Surviving and Thriving In the Teen Years

by Betsy Little

Those of us who have raised our teens are sometimes reluctant to spend a lot of time reliving the experience.  It’s not that the time spent with a teen is awful but it can be challenging at times.  If we have been doing our parenting “right,”  as our children enter their teen years we continue to give them more responsibility and more age-appropriate choices.  However, we are still the parent and they are still our children.  I think it can be helpful in parenting to devise a mantra that can be repeated as often as necessary as we parent our teens.  One of my mantras was “My job is to keep you safe.”  Another useful mantra for me was “It is hard to be a teen and it is hard to be the parent of a teen.”  I am not sure these mantras helped my teen but they helped remind me what I needed to focus on at this important time.


A current advertisement in a national magazine says “Why do most sixteen- year-olds drive like they’re missing part of their brain?  Because they are.”

The part of our teen’s brain that has a role in his/her decision making, control of impulses, planning, organizing and making good judgments is not fully developed until the teen is in his/her twenties.  Our teens may look full grown and sometimes they may act like adults, and they certainly want to be treated like adults, but the reality is they are not adults.

In comparing the brains of two- year-olds and teens we see some similarities.  A two year old might say “me do it” while a teen might say “leave me alone.”  A two- year-old may have a tantrum by throwing himself on the floor and screaming, while a teen might slam the door, pout and/or refuse to talk.  A curious two- year-old might get into things s/he should not get into while a teen takes risks while driving, going out and/or using illegal substances.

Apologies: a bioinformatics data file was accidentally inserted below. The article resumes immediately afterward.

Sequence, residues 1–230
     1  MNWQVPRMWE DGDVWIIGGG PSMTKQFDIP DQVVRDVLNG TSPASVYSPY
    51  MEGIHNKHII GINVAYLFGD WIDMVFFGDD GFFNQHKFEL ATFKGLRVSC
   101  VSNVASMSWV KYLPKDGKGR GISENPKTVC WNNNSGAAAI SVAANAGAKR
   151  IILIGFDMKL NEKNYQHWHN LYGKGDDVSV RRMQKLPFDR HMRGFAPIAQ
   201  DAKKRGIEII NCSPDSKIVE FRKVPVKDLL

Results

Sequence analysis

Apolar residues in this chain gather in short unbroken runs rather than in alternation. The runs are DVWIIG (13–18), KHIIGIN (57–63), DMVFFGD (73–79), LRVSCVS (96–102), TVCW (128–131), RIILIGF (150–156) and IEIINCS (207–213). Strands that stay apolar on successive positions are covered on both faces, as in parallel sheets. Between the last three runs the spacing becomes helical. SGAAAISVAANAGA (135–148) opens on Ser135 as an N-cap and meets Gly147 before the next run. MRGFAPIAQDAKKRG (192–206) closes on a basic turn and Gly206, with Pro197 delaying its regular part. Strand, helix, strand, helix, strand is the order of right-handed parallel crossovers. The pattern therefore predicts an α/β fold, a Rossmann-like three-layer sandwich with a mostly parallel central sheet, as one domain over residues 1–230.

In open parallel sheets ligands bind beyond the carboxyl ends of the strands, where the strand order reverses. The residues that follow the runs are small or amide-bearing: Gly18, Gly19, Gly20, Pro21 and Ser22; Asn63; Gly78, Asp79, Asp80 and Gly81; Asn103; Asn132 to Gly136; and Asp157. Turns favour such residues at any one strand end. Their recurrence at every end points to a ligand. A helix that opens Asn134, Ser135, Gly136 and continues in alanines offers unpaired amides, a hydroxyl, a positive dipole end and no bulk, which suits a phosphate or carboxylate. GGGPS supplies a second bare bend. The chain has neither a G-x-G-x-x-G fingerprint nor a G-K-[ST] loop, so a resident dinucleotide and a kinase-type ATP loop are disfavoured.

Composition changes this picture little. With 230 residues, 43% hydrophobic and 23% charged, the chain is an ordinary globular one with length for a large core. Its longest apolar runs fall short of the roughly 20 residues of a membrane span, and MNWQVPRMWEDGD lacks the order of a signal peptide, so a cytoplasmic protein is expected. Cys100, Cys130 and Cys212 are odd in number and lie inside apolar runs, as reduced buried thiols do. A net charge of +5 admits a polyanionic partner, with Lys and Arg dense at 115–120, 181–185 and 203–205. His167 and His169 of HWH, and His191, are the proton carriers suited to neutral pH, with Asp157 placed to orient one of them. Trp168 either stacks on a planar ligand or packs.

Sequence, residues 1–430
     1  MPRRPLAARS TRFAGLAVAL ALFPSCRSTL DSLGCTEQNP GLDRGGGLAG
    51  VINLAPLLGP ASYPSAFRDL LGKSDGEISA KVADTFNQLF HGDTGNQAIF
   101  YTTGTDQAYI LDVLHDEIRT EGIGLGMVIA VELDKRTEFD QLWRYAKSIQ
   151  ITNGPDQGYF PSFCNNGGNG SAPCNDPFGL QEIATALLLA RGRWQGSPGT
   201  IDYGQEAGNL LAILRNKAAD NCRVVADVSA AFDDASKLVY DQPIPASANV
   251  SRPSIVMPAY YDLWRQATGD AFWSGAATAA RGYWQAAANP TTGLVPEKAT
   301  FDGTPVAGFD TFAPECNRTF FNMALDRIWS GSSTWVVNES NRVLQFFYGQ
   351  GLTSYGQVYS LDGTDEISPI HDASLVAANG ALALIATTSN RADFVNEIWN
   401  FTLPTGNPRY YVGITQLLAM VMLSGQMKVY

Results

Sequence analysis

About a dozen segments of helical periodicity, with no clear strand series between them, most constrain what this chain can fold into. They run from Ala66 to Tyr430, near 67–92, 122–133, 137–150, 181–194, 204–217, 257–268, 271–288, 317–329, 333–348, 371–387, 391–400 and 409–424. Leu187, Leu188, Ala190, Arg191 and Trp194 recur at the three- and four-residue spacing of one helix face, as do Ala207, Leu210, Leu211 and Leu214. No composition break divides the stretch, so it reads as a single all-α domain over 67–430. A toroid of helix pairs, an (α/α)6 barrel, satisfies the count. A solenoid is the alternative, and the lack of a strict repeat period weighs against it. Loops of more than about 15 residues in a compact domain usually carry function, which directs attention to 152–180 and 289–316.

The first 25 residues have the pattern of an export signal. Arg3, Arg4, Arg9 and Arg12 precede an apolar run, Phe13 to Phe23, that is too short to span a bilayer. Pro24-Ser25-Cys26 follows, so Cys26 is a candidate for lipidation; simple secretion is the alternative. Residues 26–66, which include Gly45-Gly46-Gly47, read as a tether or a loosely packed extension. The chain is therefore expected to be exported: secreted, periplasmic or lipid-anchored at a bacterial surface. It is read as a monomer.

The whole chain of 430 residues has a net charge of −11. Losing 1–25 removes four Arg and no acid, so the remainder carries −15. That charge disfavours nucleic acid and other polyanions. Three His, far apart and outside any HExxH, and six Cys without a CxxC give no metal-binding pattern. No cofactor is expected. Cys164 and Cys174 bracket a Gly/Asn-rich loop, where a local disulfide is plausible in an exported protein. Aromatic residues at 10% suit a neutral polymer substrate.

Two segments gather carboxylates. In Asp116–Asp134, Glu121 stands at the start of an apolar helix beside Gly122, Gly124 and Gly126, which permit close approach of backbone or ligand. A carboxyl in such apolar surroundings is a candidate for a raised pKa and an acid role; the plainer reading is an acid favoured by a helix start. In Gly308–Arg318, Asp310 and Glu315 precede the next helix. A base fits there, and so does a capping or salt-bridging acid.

1.  Pick Your Battles: Try to determine what is most important and let go of some of the smaller annoyances.

2.  Whenever possible, let teens experience the natural consequences of their actions. A good example is if the teen oversleeps on a school day, let her figure out how to get to school and/or explain to the school why she is late.

3.  With your teen, (and your other children), devise a set of written family rules.  Have no more than seven rules and list the behaviors you want to see and what you don’t want to see.  Decide as a family what the consequences will be for following the rules and for breaking the rules. Instead of saying “Be home by your curfew” or “Don’t be late” say “Be home by 11 pm on week-end nights.”  “Do not come home after 11 pm on a week-end night.” The reward for following this rule might be that your teen gets to go out the next night.  The consequence for coming home at 11:30 pm instead of 11:00 might be having to come home a half hour earlier the next night.

4.  Learn How to Argue:  Pick a time that works for you and your teen.  Make a decision with your teen about what you will discuss. Stick to the subject—neither you nor your teen should talk about other incidents that occurred long ago.  Try to stay calm and listen to one another.  If you feel you or your teen is losing control, reschedule your discussion.

5.  Address risky behavior before it becomes a problem.  Let your teen know  your expectations of him/her.

6.  Remove computers and T.V.’s  from your child’s bedroom.  Place them in more central areas of the house.

7.  Establish rules and consequences about the use of cell phones.


1.  Listen, listen, and listen!  When you are driving kids in your car, listen to what they are saying.  If you are really quiet, you become almost invisible and you may learn a lot.

2.  Be sure to compliment your teen for the many things s/he does right.  In the course of a day, teens need to hear a few more compliments than critical remarks.

3.  Have fun with your teen— find reasons to laugh together!

4.  Try to be available when your teen is talkative.  Sometimes it means staying up a few minutes later when s/he arrives home and sharing a snack.  It may be well worth your time.

5.  Ask your teens to come see you when arriving home at night.  Give them a hug or a kiss. This closeness may also let you know if they have been smoking and/or drinking.

6.  If your teen is watching T.V., sit down with her/him.  Just be there.  Conversation may occur.

7.  Insist that your family eat dinner together at least a few nights a week.  Research is showing that families that share meals together have fewer problems with the kids’ behavior.

8.  Be a model of the behaviors you want to see in your teen.


Why Do They Act That Way?  A Survival Guide to the Adolescent Brain for You and Your Teen by David Walsh  “Adolescent Health”

Betsy Little is a Family Health Educator at the Marquette Co. Health Dept. She works in-home with families who have children birth—18 years, and with pregnant and parenting teens. Betsy and her husband have two young adult children. You may reach Betsy at 315-2613.

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